Charles Trevor Greene
|Known for||Victim of the 2006 « Axe Attack » in Afghanistan; subject of CTV's documentary Peace Warrior|
Captain Charles Trevor Greene (born 1965) is a writer, journalist, and a former officer in the Seaforth Highlanders of the Canadian Forces. Greene sustained a massive brain injury after a much publicized attack on March 4, 2006, in the Kandahar Province, Afghanistan.    Greene is notable for being one of the first recipients of the Sacrifice Medal and being the subject of a feature-length documentary that won a Gemini Award, Peace Warrior, which documents his recovery. Greene was also a torch-bearer for the 2010 Vancouver Paralympics.
Greene was born in 1965 to Richard and Elizabeth Greene in Sydney, Nova Scotia. He attended King's College in Halifax, Nova Scotia where he completed a bachelor's degree of journalism with honours in 1988. Greene moved to Japan soon after, to work for Bloomberg News and the Yomiuri Shimbun.
Greene joined the Canadian Navy in 1995, where he sailed on HMCS Oriole, the Navy's tall sail-training ship and the oldest commissioned ship of the Canadian Forces. He then settled in Vancouver, British Columbia, and transferred to the Canadian Army's reserve, as an officer in a reserve infantry unit, the Seaforth Highlanders of Canada. He also joined Bloomberg News Vancouver bureau and began researching and writing about the Downtown Eastside, an area encompassing five neighborhoods, an area noted for a high incidence of poverty, drug use and sex trade.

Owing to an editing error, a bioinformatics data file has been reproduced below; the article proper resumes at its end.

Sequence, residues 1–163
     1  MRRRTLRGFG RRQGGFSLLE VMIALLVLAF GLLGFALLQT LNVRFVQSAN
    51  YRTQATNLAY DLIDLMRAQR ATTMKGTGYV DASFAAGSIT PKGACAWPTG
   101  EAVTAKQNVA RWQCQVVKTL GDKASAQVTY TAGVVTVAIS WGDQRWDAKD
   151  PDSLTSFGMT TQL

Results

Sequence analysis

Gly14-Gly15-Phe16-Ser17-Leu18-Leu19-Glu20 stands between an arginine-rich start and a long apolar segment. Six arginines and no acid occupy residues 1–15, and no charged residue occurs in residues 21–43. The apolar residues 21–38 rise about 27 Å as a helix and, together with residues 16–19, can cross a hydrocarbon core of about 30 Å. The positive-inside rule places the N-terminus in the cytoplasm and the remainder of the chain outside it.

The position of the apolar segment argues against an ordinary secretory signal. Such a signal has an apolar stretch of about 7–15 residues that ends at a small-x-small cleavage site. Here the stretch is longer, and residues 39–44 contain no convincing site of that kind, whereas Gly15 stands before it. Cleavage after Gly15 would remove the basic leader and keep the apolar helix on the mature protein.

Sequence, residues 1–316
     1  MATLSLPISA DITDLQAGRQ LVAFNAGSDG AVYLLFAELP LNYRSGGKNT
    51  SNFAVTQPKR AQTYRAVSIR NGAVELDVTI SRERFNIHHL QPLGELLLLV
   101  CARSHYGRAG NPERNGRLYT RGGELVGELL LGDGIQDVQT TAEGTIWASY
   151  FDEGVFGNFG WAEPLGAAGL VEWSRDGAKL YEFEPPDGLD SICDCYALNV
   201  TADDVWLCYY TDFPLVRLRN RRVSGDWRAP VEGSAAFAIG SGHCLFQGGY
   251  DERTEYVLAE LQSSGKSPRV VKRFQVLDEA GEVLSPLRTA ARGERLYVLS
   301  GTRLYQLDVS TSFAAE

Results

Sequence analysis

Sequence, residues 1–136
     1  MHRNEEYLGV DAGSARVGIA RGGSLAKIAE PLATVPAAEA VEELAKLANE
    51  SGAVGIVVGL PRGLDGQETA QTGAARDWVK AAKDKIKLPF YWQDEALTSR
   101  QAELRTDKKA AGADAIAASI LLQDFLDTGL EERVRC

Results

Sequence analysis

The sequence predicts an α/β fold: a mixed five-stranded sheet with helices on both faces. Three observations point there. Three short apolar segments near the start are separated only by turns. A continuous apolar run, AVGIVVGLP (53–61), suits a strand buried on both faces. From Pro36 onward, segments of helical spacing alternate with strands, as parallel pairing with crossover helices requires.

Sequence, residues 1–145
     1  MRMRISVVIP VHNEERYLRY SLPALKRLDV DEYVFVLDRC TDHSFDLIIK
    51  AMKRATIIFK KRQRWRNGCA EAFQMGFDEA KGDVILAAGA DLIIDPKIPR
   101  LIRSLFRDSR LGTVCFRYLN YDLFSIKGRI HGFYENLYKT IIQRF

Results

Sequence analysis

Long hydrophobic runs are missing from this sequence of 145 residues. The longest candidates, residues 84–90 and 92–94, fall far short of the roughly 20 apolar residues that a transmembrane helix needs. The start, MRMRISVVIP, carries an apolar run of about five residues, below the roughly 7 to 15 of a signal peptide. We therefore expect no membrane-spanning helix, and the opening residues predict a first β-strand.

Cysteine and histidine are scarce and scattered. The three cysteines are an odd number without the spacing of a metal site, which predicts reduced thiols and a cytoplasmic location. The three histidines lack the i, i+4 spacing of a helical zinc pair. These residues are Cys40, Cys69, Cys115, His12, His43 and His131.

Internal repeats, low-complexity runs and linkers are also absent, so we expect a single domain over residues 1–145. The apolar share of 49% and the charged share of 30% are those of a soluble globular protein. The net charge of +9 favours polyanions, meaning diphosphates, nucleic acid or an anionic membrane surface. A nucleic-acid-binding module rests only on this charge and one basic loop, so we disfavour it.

Greene is the honorary patron of the Honour House Society, an organization dedicated to help the families of wounded Canadian soldiers in the New-Westminster-Vancouver area. Honour House is located in New Westminster. He was also awarded with an Honorary Doctor of Civil Laws in May 2009.
Deployment, injury and recovery
Lieutenant Greene deployed to Afghanistan in 2006 as a Civilian-Military Cooperation (CIMIC) officer, volunteering from his home unit of the Seaforth Highlanders of Canada.
On March 6, 2006, his platoon, composed of members of Princess Patricia's Canadian Light Infantry, 1st Battalion, Alpha Company, visited a number of villages, including the village of Shinkay in the Shinkay District, to talk with the village elders about access to clean water and other basic needs under Canada's area of responsibility. After the soldiers removed their helmets, a common practice as a sign of respect, Abdul Kareem (or Abdullah Karim), a sixteen-year-old boy, almost split Greene's brain in half by hitting him with a locally made axe. Kareem tried to hit again but was shot and killed by other members of the platoon. The platoon then came under heavy fire while waiting for a US Army medical evacuation helicopter. Greene received care on the helicopter, and medic Gary Adams was able to unblock his airway. Greene was transported to the then Canadian-led hospital at Kandahar Air Field where he was stabilized.
He was later evacuated to the Ramstein Air Base in Germany from which he was transferred to the Landstuhl Regional Medical Center, the largest US Army medical facility outside the continental United States. There, he underwent further surgery to allow his brain to swell without causing further damage. 
Shortly after being stabilized, Greene was transferred from Landstuhl to the Vancouver General Hospital, where doctors initially thought he would never come out of his coma. Greene underwent two bilateral cranioplasties, with the second one successfully repairing his skull. He was also subject to physiotherapy sessions, which lacked results, at first. Greene was then released from the hospital and was transferred to a private-care rehabilitation center in Langley, BC. On April 30, 2007 Trevor Greene started speech therapy sessions.